Dear Governor Whitmer,
About 70% of Central Academy students are English Language Learners and more than 78% are on free or reduced lunch. Learning the language and academics are not the only needs we work on meeting. Many of the students exhibit post-trauma behaviors as a result of living in war zones and refugee camps prior to coming to Central Academy.
Meeting the language and academic needs is a given in the school culture to prepare all students and make them ready to face the challenges of the real world after graduation.
On top of that, the school implemented several programs to meet the social emotional needs. An SEL program has been implemented in every class K-12. The school partnered with nearby universities to create programs that help students cope with their social emotional issues. Five different student organizations also come to school to coach, mentor and prepare our high school students to college.
We also founded an Exchange Station, where parents and community members and organizations donate clothing and food item to the needy parents. We also pair up all seniors with community professional for a whole semester and that experience is presented as a graduation project requirement.
The school stays connected to all graduates, too. Last year, our Job Fair was run mainly by Central Academy graduates; 21 students came back as doctors, nurses, engineers, police officers, actors, technology and many other professions and shared their experiences with the middle and high school students at Central Academy.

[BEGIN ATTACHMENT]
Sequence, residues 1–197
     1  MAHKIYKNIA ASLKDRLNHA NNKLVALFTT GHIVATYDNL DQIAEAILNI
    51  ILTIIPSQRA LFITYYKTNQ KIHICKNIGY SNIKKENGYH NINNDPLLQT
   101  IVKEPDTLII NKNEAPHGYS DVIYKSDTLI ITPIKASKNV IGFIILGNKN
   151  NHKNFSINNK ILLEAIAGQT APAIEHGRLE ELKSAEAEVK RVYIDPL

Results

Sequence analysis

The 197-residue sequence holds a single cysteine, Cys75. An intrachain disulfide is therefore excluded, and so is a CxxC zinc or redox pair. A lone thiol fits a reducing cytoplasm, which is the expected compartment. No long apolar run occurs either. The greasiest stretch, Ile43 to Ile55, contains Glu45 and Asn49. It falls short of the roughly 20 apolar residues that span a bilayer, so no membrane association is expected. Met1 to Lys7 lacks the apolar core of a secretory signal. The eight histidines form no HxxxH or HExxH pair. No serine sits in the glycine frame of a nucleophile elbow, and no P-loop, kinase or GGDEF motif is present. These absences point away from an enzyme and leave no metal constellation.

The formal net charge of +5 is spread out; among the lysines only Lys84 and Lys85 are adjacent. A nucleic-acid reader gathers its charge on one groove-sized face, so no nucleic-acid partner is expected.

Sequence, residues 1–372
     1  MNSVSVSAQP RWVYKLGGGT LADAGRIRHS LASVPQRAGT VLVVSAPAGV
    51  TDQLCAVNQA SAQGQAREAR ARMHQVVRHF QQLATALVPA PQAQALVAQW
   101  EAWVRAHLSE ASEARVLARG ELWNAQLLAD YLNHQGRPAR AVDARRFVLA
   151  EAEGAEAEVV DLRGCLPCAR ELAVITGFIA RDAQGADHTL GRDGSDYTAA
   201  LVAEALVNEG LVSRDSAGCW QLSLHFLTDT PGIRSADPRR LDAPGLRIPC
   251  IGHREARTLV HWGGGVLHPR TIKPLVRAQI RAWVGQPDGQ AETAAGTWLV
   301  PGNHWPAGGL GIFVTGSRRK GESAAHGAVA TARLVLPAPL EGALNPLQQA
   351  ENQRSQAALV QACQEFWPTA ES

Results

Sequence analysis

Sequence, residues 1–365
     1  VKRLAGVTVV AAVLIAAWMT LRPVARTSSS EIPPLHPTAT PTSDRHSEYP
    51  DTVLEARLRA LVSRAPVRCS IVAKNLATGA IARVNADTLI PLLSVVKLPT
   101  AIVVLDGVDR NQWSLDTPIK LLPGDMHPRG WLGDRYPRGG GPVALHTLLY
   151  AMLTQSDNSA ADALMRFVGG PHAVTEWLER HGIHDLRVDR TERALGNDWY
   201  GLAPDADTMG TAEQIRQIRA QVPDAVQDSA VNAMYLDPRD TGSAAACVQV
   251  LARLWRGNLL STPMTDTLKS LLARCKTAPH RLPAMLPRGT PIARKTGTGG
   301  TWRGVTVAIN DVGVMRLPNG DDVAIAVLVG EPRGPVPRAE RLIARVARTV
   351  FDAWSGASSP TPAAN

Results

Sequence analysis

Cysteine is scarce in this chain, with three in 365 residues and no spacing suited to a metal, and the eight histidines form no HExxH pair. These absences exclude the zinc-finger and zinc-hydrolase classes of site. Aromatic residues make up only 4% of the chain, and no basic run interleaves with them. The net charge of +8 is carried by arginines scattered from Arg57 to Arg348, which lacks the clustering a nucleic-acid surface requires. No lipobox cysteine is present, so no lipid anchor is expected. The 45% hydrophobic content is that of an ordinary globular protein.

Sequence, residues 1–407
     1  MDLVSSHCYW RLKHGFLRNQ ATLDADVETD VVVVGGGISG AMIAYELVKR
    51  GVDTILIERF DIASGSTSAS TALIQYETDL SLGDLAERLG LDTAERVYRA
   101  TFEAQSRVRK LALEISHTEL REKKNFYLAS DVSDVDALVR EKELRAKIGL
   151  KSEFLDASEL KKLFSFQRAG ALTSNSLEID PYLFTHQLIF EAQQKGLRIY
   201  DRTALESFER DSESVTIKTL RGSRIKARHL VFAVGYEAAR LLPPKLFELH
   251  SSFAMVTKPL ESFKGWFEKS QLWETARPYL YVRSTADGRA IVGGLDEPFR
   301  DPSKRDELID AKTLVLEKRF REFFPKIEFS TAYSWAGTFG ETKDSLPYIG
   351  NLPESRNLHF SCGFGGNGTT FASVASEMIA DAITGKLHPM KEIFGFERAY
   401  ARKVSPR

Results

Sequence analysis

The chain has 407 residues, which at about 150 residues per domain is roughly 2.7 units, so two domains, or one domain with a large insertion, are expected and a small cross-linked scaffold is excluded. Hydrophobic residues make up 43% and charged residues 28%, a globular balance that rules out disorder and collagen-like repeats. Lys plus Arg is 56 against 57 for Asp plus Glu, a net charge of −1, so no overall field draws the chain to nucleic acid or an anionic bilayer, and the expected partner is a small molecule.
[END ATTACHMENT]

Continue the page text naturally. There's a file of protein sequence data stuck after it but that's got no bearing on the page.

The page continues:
The school is also partnering with surrounding organizations to educate the parents. Washtenaw Literacy is hosted at Central Academy to teach English as a second language to parents as well as community members who need it.
About half of the staff at Central Academy have been working for 10 years or more. Several have been with us for 20 years and turned down many opportunities in the traditional school system even though every school district is hiring in this tough market to find teachers.
Teachers have established the culture school-wide that meeting the needs of students is not limited to teaching them language and content. They go way beyond that to make sure students have a smooth transition to the mainstream culture and are well prepared the increasing demands of the 21st Century. Behavioral issues in a class are never looked at as THE problem – they are looked at and treated as symptoms of other problems that the child might have and they all partner with their parents to deal with these problems. Three of our teachers graduated from this school and relate to the students’ issues very well.
Please restore the funding increase for my Central Academy students, and all the other charter student across MI.
Luay Shalabi, Principal @ Central Academy